Please Note: This article is written for users of the following Microsoft Word versions: 2007, 2010, and 2013. If you are using an earlier version (Word 2003 or earlier), this tip may not work for you. For a version of this tip written specifically for earlier versions of Word, click here: Understanding Styles.
by Allen Wyatt
(last updated March 7, 2015)
Unlike most other word processing programs, Word does an excellent job of separating content from appearance. This may sound strange, but the words you type are your content and the way they look on screen or on paper is the appearance. Styles are nothing more than a named definition of how text should appear. You can best understand this by comparing your text to water (this is your content). The appearance of the water depends on the attributes of the container in which it is placed. If you place it in a glass it will look one way; if you place it in a pitcher, it looks a different way. The relationship between text and styles is no different; if you change the style that has been applied to text, then the appearance of the text automatically changes.
While Word allows you to explicitly format your text by selecting it and then picking the attributes you want applied, styles give you much more power. This is because you only need to define the style once and then you can apply it to text as you see fit. Plus, if you later change the style, all text formatted with that style is automatically updated to reflect the change. (You have changed the container, so the water changes appearance.)
The two most prevalent style types in Word are Character styles and Paragraph styles. Character styles are used to define how individual characters appear, including attributes such as font, font size, and bold, italics, superscript, etc. Paragraph styles are much more comprehensive and define not only how the characters in the paragraph appear, but how the paragraph should appear in relation to the margins of your document, whether it should include bullets or numbering, how it should be treated by the spelling and grammar checkers, and how it should appear in relation to other paragraphs in the document.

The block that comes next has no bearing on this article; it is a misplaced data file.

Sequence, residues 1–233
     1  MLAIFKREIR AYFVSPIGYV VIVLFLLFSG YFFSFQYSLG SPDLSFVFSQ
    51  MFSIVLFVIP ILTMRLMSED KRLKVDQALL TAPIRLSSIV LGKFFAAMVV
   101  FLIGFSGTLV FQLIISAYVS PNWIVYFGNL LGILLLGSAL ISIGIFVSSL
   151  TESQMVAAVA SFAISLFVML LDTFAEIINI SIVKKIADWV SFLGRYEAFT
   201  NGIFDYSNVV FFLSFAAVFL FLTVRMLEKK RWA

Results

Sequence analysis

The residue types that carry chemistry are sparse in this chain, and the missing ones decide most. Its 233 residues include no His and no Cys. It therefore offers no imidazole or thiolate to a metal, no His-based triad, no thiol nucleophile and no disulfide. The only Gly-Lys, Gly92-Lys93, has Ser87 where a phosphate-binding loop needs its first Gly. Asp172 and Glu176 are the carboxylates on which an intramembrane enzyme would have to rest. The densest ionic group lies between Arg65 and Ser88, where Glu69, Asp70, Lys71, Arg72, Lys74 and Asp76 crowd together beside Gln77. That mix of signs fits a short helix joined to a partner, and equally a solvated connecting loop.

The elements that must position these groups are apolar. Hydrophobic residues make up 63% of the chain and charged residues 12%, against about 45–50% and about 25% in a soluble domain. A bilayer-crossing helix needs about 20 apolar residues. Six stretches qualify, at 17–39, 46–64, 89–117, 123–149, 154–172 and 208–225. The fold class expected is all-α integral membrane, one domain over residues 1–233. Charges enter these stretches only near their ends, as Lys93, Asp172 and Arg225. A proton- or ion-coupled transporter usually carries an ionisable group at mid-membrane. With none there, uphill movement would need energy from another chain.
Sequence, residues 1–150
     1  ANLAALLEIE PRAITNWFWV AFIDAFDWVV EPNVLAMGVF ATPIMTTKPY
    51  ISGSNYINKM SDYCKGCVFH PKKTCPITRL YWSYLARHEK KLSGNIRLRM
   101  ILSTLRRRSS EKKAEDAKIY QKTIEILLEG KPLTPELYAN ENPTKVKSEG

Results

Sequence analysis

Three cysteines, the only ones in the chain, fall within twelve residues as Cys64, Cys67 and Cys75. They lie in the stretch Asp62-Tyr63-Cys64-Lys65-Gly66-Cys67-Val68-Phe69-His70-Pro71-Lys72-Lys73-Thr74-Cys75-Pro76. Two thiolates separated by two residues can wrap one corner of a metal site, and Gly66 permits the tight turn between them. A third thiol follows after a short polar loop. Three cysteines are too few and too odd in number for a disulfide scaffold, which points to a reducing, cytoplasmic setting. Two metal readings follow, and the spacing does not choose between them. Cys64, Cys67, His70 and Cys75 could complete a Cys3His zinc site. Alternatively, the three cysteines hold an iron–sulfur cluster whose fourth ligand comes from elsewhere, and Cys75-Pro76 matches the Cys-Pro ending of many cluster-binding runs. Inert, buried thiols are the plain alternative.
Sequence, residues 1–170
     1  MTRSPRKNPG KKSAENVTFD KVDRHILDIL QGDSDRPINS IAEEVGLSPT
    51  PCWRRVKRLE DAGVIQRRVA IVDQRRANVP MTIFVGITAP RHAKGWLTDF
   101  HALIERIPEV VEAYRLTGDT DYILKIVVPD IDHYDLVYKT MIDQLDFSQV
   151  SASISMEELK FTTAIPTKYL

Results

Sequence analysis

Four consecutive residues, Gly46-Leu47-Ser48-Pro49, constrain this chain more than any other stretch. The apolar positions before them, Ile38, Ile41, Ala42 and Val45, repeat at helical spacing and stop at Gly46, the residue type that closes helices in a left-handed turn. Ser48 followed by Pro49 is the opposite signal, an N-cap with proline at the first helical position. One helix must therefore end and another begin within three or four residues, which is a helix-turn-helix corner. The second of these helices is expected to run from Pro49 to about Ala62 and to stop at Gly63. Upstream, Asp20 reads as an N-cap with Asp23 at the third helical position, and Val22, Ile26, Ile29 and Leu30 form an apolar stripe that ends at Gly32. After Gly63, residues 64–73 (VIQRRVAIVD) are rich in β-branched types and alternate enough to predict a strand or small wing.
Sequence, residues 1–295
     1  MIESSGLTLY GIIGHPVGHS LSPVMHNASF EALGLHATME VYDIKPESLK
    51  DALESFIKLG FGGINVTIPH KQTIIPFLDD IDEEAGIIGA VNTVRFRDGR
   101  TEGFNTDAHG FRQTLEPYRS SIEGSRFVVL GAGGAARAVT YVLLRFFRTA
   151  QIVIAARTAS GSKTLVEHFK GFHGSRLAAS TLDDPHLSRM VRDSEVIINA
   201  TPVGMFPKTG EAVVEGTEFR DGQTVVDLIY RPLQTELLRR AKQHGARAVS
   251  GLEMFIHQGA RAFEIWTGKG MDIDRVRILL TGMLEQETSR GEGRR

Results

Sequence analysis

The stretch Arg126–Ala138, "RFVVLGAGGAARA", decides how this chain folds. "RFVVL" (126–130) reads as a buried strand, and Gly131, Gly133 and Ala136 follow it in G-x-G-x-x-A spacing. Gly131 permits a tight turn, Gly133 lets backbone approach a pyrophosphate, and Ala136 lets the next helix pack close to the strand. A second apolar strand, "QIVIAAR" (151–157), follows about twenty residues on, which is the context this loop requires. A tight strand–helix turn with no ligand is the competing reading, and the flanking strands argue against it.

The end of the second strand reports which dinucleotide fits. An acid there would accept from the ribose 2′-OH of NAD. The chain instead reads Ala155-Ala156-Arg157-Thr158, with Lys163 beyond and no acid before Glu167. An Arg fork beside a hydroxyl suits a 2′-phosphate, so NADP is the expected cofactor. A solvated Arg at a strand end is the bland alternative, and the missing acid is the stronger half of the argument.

In addition to character and paragraph styles, you can also define table and list styles. Table styles are used to specify how a particular table appears, including borders, spacing, and other table-specific formatting attributes. List styles are used to define how bulleted lists and numbered lists should appear.
Styles are saved with a document, or they can be stored in a document template. Word allows you to add, change, rename, and delete styles. Follow these steps to define a style:
Figure 1. The Create New Style from Formatting dialog box.
At this point you can use your style anywhere you like within your document.
WordTips is your source for cost-effective Microsoft Word training. (Microsoft Word is the most popular word processing software in the world.) This tip (9627) applies to Microsoft Word 2007, 2010, and 2013. You can find a version of this tip for the older menu interface of Word here: Understanding Styles.
Comprehensive VBA Guide Visual Basic for Applications (VBA) is the language used for writing macros in all Office programs. This complete guide shows both professionals and novices how to master VBA in order to customize the entire Office suite for their needs. Check out Mastering VBA for Office 2010 today!
If you use styles to format your text, you can later search for words and phrases that are formatted using various styles. ...Discover More
You can add any number of styles to your document in order to define how you want your text to appear. If you later want to ...Discover More
Word can hyphenate documents automatically, if you want it to. But what about those situations where you want most of a ...Discover More
FREE SERVICE: Get tips like this every week in WordTips, a free productivity newsletter. Enter your address and click "Subscribe."
Got a version of Word that uses the ribbon interface (Word 2007 or later)? This site is for you! If you use an earlier version of Word, visit our WordTips site focusing on the menu interface.